ABOUT Lymphoma - Symptoms, Causes and Treatment
What is Lymphoma?
The word lymphoma means "an uncontrolled growth of cells in the lymph system." Lymphoma is a type of cancer that originates from a person's white blood cells. The lymphatic system is a network of vessels, glands, and organs that produce, transport, store or fight infection in the body.
Signs and symptoms of primary lymphoma include:
· Weight loss
· Bone pain
· Shortness of breath or difficulty breathing
· Fever (fever and chills)
· Swollen glands
· Weight gain
· Difficulty breathing
The initial symptom of lymphoma may be swollen glands
People are often concerned about the likelihood of getting lymphoma.
Primary Lymphoma is one of the most common forms of cancer, affecting approximately 3.7 million people worldwide every year, with over 80% of all cases occurring in women.
It is more prevalent in adults aged 40–80 years, especially those living in developing countries. The process that causes lymphoma usually starts decades before it develops into a full-blown disease.
Although mostly rare, any person may be affected and the word "lymphoma" does not always indicate an aggressive form of the disease.
What Are The Different Types Of Lymphoma?
The most common kind of lymphoma is lymphoblastic leukemia. It occurs when the bone marrow produces abnormal white blood cells. Another common type of lymphoma is Burkitt's lymphoma.
It occurs in the large (macrophage-like) lymph nodes in the neck, armpit, or groin. Histologically, this form of cancer contains large mononuclear cells with forked tails (follicular) and interspersed eosinophils (Mantle cells).
The last type is high-grade B cell chronic lymphocytic leukemia, where the cells have a prominent cytoplasmic reticulum. In addition, lymphomas with mixed cellularity are also called "subtypes" and include nodular sclerosis and extranodal marginal zone B-cell lymphoma.
What Are Lymphoma And The Difference Between Primary And Secondary Lymphoma?
Lymphoma, like other cancers, can develop in response to a variety of treatments or external factors such as infection.
When lymphocytes (the white blood cells) become cancerous, they become malignant. In some cases, malignant cells begin to grow uncontrollably and form a tumor. In others, the lymphocytes attack the body's tissues.
In lymphoma, both kinds of changes can happen simultaneously. Lymphoma is divided into two categories: first and secondary lymphoma.
Primary lymphoma develops from a benign (non-cancerous) growth of white blood cells begins on its own without any cause or begins on its own without any cause or outside infection.
Secondary lymphoma occurs as a result of persistent infection by viruses or other infectious agents such as molluscum contagiosum virus, cytomegalovirus, Epstein—Barr virus, human immunodeficiency virus, etc.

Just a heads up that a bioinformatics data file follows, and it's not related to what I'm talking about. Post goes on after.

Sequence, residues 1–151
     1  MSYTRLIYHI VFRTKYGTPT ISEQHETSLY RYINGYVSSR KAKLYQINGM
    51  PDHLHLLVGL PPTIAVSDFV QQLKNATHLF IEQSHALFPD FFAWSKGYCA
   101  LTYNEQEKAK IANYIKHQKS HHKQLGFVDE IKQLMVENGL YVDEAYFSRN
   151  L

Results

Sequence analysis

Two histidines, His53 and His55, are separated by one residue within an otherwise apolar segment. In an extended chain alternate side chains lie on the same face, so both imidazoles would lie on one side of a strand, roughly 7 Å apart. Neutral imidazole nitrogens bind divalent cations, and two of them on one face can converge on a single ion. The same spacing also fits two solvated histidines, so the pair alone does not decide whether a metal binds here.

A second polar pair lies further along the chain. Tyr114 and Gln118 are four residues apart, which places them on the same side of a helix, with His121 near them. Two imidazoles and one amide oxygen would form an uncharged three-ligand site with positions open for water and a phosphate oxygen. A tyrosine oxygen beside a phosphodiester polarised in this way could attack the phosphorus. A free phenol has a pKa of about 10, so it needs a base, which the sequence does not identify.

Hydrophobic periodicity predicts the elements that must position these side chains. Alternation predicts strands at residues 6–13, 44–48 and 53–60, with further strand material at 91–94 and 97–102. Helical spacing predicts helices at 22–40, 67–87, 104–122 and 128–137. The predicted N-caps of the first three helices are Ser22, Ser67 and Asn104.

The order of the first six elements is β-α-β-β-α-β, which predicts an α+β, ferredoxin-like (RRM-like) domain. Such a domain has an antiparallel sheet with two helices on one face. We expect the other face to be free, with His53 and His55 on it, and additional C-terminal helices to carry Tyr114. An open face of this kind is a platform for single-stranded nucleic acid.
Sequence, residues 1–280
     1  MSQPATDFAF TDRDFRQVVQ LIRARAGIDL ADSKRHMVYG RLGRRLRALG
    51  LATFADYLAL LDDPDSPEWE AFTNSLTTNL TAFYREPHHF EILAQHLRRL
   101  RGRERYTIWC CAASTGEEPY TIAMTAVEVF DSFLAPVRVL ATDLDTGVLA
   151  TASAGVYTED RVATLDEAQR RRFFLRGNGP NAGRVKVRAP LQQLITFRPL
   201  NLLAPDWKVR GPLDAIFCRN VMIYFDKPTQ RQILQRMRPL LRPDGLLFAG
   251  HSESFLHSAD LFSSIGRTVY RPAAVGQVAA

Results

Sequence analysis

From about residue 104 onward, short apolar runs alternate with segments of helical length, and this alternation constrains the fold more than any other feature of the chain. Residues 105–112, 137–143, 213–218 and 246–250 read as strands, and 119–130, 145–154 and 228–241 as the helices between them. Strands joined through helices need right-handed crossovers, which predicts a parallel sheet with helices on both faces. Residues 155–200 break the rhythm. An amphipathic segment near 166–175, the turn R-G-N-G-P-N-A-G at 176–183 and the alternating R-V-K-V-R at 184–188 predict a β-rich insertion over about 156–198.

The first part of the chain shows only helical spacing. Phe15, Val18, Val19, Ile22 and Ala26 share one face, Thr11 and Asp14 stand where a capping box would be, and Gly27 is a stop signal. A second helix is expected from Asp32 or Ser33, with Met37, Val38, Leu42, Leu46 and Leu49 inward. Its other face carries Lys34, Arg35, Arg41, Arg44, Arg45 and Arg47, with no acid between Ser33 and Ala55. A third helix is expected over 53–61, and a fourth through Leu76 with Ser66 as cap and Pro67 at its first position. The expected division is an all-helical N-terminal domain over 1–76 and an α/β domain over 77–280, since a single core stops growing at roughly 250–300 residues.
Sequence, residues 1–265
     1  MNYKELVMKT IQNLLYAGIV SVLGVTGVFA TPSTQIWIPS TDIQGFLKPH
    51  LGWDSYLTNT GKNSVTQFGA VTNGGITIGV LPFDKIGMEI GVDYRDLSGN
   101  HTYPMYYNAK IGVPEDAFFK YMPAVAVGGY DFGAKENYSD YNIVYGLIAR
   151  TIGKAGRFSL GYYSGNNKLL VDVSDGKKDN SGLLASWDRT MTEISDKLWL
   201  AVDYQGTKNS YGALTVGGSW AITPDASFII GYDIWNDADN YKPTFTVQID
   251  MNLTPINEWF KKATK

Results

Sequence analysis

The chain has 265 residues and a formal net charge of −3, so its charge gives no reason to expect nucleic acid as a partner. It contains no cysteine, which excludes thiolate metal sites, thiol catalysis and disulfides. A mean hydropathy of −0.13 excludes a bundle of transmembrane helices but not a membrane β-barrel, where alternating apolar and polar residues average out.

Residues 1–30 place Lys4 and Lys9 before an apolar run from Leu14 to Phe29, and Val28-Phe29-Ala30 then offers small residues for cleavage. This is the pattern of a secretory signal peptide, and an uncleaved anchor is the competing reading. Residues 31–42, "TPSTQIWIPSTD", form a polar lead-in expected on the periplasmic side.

What Are The Signs And Symptoms Of Lymphoma?
Many people with lymphoma are asymptomatic. Other common symptoms include fatigue, weight loss, fever, enlarged lymph nodes in the neck, armpits or groin may feel warm or tender to the touch. Swollen glands occur more frequently in children than adults.
The initial symptom is often swelling nodes. Other signs and symptoms are often similar to other types of cancer. In some cases, lymphoma may cause a very serious illness known as Disseminated Intravascular Coagulation (DIC), or "bleeding from the blood vessels," which can lead to internal bleeding and death.
How is Lymphoma Diagnosed?
You may be diagnosed with lymphoma depending on the appearance of your skin, blood, or other tissues. Based on a person's symptoms and your medical history, your doctor will perform several tests to diagnose lymphomas.
This includes a physical examination by a doctor to check for redness in the skin, weight loss, bone pain, fever, night sweats, and swollen glands. A blood test can also detect cancer cells in the bloodstream.
These tests will help doctors tell whether or not you have lymphoma and guide them in deciding on the best treatment options.
Additional tests such as an X-ray, CT scan, PET scan, bone scan, lymph node biopsy, and other blood tests may be performed to confirm the diagnosis and assess the extent of the disease.
What is Lymphoma Treatment?
Treatment for lymphoma depends on its classification and several factors such as the patient's age, sex, health condition, and type of tumor cells. The goal of your treatment will be to manage symptoms before or after starting chemotherapy.
Frequently Asked Questions on Lymphoma
What is The Difference Between Lymphoma And Leukemia?
Lymphoma and leukemia are both types of cancer that affect white blood cells. In lymphoma, the cells grow in the lymph glands, while in leukemias they grow in the bone marrow.
Both diseases have similar symptoms and can have an impact on your general health. However, a distinction should be made between primary and secondary lymphoma.
The latter is a form of cancer that occurs in a previously healthy person due to chronic infection by viruses or other infectious organisms.
What Are The Common Types Of Lymphoma?
There are several subtypes of lymphoma, some more common than others. Some of the most widespread are follicular B-cell non-Hodgkin lymphoma, diffuse large B-cell lymphoma, mantle cell lymphoma, chronic lymphocytic leukemia, small lymphocytic leukemia, Waldenström macroglobulinemia, and acute promyelocytic leukemia.